In its never-ending quest to break down barriers and scour the universe for the world’s most pressing question, the human race has developed some highly advanced and accurate methods of detecting the hidden world.
Many of these methods then become widely used in various industries over time, and elemental analysis is no different.
It can be found in plenty of places, from ceramics and life sciences to the polymer biochemistry and aerospace industries.
If you are interested in one day chasing a bright career as a scientist and working in a lab has you thoroughly enticed, or you just want to know more about elemental analysis in general, here are some points you might find interesting.
Determining Product Quality
When a new drug is released onto the market or any new type of consumer chemical for that matter, it will have needed to pass through some intense testing in order to comply with strict regulations, at least in the United States, that is.
This is because these new chemicals could potentially damage the health of society or possess unknown functionalities that cause wider issues for the environment.
By utilizing X-ray fluorescence spectrometers, scientists can direct x-rays at a material and measure the affected wavelengths of their sample, allowing them to detect the purity and the functionality of its molecular structure.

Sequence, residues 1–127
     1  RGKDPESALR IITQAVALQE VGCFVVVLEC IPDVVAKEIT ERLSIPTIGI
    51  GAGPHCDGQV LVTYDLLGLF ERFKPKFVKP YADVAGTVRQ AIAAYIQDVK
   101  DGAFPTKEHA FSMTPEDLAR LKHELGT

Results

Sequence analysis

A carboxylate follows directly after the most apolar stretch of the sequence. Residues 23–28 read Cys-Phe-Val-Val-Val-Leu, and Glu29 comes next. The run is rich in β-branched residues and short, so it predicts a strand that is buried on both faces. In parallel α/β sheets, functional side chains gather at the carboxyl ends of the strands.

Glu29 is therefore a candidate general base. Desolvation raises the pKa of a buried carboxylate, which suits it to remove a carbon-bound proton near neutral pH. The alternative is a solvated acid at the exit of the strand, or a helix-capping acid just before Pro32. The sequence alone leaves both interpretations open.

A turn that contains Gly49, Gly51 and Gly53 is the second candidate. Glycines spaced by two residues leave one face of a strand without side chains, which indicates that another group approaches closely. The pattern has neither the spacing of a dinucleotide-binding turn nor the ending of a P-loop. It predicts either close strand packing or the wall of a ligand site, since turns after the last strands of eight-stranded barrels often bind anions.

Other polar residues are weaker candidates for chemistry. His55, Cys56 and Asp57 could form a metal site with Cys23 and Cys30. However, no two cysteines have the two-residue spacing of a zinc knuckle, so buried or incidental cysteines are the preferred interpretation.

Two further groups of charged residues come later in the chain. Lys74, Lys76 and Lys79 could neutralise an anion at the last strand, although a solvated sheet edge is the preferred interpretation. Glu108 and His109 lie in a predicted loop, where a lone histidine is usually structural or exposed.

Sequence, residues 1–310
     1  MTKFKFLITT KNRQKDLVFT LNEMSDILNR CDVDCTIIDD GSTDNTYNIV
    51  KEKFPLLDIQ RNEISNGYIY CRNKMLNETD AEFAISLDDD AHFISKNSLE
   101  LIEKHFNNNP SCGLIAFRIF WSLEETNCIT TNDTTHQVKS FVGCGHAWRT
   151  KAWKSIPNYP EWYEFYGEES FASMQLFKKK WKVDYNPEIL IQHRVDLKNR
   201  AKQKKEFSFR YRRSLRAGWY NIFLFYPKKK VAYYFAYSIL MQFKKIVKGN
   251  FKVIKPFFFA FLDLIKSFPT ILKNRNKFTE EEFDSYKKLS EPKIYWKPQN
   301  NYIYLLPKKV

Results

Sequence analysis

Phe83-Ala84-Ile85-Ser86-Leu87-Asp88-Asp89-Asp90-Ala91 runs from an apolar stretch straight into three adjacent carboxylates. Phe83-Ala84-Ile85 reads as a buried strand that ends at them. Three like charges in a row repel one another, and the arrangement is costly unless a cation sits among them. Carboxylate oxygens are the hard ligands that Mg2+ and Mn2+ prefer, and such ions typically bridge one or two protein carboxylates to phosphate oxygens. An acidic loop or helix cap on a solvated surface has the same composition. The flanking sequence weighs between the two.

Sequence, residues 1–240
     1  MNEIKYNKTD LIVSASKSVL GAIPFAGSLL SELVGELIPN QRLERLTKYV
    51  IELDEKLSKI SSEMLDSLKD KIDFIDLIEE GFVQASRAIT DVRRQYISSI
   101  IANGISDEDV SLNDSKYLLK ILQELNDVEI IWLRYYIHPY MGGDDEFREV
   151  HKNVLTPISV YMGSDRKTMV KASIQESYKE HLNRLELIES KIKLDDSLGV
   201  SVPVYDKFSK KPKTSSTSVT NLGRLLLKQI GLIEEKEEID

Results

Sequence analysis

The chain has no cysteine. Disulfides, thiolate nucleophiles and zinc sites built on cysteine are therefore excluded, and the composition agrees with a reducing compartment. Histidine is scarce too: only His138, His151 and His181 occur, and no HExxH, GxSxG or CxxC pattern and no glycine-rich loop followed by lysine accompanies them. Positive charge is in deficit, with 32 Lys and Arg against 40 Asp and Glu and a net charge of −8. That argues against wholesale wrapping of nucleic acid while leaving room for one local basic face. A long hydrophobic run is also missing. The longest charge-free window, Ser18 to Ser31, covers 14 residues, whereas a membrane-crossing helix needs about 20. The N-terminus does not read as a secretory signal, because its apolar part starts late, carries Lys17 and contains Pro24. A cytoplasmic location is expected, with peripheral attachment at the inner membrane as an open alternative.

By discerning these properties (and more), scientists can ensure that the final product that finds its way onto the shelves retains the highest possible quality.
You may want to check out the great x-ray fluorescence machines on show at Malvern Panalytical for a prime example of this cutting-edge tech; you may end up needing one for a lab of your own one day.
In the Name of History
In archeology and history, countless scientific methods are employed to unfurl the world that came before, and elemental analysis is an extremely important example.
For example, by analyzing the composition of certain samples using XRD, scientists and archeologists have a nondestructive way of unlocking the secrets of a dig site. By discovering the composition of a particular sample, say soil, for instance, archeologists can then create a map that helps them date artifacts, remains, and fossils to a certain point in history.
The ease by which the analysis process can be done nowadays, particularly when considering advanced handheld technology, can make fieldwork much more efficient for an archeologist, potentially speeding up the entire process.
Enhancing Medical Science
Types of analytical chemistry like elemental analysis can find new ways in which to enhance the world of medical science.
Possibly one of the world’s most important areas of study, medical science is often at the forefront of knowledge, and to for it to stay there, constant research is a necessity.
Elemental analysis can help scientists, and medical professionals better understand diseases through close scrutiny of biological samples, allowing for them to benefit all of humankind.
The more you know, the better equipped you are to tackle the issue, and in the world of medical science, this is often critical for development.